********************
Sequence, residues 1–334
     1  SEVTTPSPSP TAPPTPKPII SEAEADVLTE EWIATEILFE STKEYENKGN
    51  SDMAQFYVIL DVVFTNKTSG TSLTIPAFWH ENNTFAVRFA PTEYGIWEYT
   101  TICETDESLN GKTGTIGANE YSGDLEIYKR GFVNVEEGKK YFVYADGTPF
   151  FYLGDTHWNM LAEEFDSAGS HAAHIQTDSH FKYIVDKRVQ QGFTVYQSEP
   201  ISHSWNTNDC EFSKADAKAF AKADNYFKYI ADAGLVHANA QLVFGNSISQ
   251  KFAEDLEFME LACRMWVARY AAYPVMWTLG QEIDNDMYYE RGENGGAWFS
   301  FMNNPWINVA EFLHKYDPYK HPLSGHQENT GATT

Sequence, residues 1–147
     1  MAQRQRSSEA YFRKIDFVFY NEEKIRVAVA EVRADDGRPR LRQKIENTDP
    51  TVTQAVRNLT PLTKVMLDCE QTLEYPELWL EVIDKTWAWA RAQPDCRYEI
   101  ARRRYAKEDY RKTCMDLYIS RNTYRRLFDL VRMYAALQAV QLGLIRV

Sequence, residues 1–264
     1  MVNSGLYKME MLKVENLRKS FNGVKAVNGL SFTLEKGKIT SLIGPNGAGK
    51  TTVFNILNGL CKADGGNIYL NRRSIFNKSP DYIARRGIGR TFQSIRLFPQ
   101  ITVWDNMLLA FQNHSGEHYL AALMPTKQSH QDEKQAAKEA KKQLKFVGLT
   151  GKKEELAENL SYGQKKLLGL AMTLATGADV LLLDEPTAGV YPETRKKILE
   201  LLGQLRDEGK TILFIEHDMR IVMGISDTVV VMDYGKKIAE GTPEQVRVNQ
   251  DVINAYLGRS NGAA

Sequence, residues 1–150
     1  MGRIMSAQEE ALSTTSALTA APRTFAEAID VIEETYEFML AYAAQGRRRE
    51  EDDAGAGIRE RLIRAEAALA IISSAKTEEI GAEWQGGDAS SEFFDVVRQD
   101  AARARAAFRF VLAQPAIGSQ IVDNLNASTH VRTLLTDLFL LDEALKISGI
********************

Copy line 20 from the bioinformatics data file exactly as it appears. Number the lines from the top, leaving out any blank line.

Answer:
Sequence, residues 1–150